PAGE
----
When Appalachian State hosts No. 25 Miami on Saturday (noon ET, ESPN), it’ll be one of the biggest moments in the history of the school’s football program.
It’s not a new thing for non-power schools to get visits from teams with national stature. It happens a few times most years.
But Saturday’s game in Boone, two hours northwest of Charlotte, is a cool thing for the Mountaineers. This is a program that transitioned upward to college football’s FBS just three years ago. Now it’s got a spotlight, hosting a five-time FBS national championship program on ESPN, immediately after the network's popular College GameDay.
"We’ll have more people not just at the game, but in the town of Boone, than maybe ever in the history of our city," App State athletic director Doug Gillin told SB Nation.
This is how a team like Miami arranges to visit a team like App State.
Little teams visiting big ones and getting slaughtered is a national ritual, played out in the opening weeks of every season. But this is different, for two reasons.
- App State’s hosting,
- The Mountaineers are highly competitive.
Gillin arrived in Boone from Missouri, and he had an immediate interest in luring a big brand to play there. The Mountaineers have never hosted one of the country’s blue bloods in this era, and Gillin and his staff wanted to change that. So they hit the phones, armed with now being an FBS team.
"Before that, Power 5 was never gonna come to an FCS school," Gillin said. "So the fact that we were an FBS school at least gave us some talking points as a conversation, to at least maybe try to enhance people to come up here."
App State made a bunch of cold calls. The pitch was based, primarily, on two things.
"We just started calling people, and I think part of our sales pitch was, ‘Boone’s a great place to play.’ It’s a great place for opposing fans to come visit," Gillin said. "It’s a resort area in the mountains of North Carolina. And then, the second part of that, what I was telling folks on the return trip: we travel really, really well."
The Mountaineers gained confidence, the Winston-Salem Journal reports, from landing a series with the nearby Wake Forest, a conference mate of Miami's, and noticing the Hurricanes had been willing to schedule home-and-homes with mid-majors Arkansas State and Toledo.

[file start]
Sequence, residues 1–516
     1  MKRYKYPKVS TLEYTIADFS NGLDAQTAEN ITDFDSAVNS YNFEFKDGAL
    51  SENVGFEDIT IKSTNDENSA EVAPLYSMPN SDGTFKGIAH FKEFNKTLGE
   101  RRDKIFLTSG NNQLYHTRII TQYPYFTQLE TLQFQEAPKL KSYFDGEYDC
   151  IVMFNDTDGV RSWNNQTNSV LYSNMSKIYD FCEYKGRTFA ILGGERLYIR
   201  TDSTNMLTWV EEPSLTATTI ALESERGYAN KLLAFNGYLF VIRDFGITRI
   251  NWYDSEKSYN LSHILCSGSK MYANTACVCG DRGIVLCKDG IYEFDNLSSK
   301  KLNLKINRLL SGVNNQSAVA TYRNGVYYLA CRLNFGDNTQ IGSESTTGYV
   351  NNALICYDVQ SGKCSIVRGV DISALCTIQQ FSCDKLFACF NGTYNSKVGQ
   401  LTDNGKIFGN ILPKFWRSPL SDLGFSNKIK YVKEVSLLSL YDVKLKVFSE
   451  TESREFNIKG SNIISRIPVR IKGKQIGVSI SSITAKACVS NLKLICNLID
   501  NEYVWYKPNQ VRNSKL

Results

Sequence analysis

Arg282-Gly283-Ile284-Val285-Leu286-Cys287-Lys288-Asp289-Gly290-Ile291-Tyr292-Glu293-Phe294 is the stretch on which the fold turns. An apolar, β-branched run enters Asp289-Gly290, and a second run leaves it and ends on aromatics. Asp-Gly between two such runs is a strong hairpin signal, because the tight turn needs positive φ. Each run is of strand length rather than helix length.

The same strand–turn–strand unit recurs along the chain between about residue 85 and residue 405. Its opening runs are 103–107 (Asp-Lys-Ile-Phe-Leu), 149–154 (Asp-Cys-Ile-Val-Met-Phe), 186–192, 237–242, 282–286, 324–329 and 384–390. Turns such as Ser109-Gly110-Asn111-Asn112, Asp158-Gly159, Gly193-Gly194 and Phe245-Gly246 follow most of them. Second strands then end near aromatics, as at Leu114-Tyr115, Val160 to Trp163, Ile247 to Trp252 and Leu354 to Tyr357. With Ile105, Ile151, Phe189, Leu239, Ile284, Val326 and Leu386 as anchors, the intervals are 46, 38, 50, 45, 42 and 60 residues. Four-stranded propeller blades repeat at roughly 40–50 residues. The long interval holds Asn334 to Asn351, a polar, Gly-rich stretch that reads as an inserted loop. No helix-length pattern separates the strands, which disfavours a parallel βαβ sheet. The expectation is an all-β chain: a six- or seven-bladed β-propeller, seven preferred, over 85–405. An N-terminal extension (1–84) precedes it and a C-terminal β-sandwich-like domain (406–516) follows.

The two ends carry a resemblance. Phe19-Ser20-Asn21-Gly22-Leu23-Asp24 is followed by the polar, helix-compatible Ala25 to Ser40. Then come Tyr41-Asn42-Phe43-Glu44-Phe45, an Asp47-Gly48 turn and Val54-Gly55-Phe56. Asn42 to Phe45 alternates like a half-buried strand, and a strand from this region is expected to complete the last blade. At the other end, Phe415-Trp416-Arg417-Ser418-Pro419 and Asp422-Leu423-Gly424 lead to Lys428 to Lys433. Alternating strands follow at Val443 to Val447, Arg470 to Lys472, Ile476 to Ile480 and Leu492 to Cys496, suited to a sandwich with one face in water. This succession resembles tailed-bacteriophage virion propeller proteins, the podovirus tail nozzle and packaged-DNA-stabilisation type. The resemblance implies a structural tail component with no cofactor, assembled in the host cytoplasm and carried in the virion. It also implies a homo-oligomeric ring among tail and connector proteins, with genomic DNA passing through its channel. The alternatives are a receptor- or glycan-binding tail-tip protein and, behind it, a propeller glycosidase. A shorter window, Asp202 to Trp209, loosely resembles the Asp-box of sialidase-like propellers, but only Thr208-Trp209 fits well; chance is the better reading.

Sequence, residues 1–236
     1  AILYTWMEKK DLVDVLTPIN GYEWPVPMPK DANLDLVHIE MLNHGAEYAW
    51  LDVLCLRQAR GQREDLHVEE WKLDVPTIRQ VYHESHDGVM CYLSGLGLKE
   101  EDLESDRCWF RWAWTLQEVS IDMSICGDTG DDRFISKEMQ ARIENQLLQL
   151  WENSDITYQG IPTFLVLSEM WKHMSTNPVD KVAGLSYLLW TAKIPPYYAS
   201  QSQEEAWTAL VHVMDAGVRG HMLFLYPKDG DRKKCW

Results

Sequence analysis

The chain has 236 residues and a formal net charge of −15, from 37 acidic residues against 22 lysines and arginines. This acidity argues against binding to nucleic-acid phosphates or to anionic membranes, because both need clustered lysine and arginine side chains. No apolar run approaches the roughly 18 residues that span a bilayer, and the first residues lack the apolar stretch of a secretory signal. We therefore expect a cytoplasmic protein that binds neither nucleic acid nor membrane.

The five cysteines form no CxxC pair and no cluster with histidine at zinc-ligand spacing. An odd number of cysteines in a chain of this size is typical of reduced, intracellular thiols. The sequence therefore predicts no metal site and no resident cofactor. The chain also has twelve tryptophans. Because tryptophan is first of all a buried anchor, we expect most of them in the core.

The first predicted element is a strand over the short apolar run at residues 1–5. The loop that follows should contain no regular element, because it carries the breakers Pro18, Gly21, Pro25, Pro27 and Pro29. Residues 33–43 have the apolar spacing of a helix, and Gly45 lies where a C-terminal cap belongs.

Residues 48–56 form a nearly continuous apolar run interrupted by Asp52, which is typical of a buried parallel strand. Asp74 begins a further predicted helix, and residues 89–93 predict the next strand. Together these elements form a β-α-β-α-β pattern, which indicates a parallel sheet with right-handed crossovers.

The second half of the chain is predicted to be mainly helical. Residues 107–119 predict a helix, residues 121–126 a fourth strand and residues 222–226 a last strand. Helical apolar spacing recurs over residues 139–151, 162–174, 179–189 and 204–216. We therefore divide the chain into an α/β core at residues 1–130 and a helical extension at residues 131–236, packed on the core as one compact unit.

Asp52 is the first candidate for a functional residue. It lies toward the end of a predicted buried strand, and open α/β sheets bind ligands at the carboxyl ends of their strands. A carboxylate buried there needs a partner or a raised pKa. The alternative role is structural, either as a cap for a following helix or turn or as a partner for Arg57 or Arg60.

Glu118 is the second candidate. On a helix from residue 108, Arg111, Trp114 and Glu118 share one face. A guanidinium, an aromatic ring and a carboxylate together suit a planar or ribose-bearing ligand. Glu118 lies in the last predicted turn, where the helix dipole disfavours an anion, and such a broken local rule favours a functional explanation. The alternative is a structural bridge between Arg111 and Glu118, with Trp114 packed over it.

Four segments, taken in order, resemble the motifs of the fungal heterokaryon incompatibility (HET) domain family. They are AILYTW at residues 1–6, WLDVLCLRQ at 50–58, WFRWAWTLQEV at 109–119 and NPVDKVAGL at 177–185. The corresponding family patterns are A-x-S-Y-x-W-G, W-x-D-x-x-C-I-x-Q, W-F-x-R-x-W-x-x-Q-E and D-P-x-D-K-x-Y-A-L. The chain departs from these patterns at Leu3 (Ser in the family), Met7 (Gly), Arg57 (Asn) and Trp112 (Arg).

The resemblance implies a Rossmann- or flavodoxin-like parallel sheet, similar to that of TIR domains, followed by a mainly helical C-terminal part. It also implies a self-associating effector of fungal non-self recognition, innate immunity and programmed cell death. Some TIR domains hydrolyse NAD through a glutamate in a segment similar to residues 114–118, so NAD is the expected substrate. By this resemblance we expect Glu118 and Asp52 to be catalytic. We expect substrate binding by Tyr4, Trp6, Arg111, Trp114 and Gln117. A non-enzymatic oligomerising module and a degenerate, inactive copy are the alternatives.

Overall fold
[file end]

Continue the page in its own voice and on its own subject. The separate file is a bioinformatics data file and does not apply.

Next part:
On the home-and-home idea, Miami bit. Ten months before kickoff, Gillin struck a deal with Hurricanes athletic director Blake James, and this year's game only got bigger when Miami hired former Georgia coach Mark Richt.
In return, App State will head to Miami on Sept. 11, 2021.
"Scheduling's a complicated thing," James said in February. "It wasn't our first choice. You have to fill out your schedule. We're excited to go to App State and finish out our schedule. There are a lot of moving parts any time you schedule a game."
"It's the crazy world of scheduling," he added this month. "We were in a situation where we thought we had a school coming here for a home game, and that fell apart at the last minute. Appalachian State was interested in doing a home-and-home, and we felt it was a fit for us."
App State is taking extraordinary steps to get this thing set up.
Kidd Brewer Stadium, affectionately nicknamed "The Rock," is not big. It has a track around the gridiron, not unlike a high school field. It ordinarily seats 24,050, but App State expects closer to 35,000 on Saturday. That’ll smash the 31,531 the school crammed in for a game against Elon in 2010, the current record.
According to StubHub data cited by ESPN, Miami-App State is one of Week 3's toughest tickets. Only a few battles between ranked Power 5 teams -- Florida State-Louisville, Alabama-Ole Miss, and Ohio State-Oklahoma -- are currently priced higher on the secondary market.
To set a new record, the school is opening up closed-off parts of the stadium. Students, who get in free, will be allowed to stand on a big hill and at field level in the stadium’s south end zone. The school brought in an extra video board for the north end zone. They’re also putting premium-style seats at field level.
Oh, and skydivers will deliver the game balls at midfield.
For the Mountaineers, this moment means a lot.
This is the first time the main ESPN network has ever broadcast a Saturday Sun Belt home game. It’s a neat bit of exposure for an upstart that hasn’t always gotten it. And, as just four-point underdogs, it’s a game the Mountaineers could definitely win.
Richt on App. State "This will be one of the better teams we will play, period."— Canes Football (@CanesFootball) September 13, 2016
Local confidence appears high. App State coach Scott Satterfield:
Satterfield, on Miami: We are fine with giving up a little size, but we are going to be able to make up for it in speed.— David Glenn Show (@DavidGlennShow) September 13, 2016
And the two fanbases have done a bit more jawing on Twitter than you might expect from sides representing different levels of FBS.
The three-time FCS national champions introduced themselves to the world when they upset Michigan at the Big House in 2007. They’ve since built themselves into a quality Sun Belt outfit, and they re-introduced themselves by almost beating Tennessee at Neyland Stadium two weeks ago.
"That was on SEC Network, so the majority of the country saw that, saw what type of program we have," Gillin said. "And I think we’re excited to show the nation again what type of program we have on Saturday."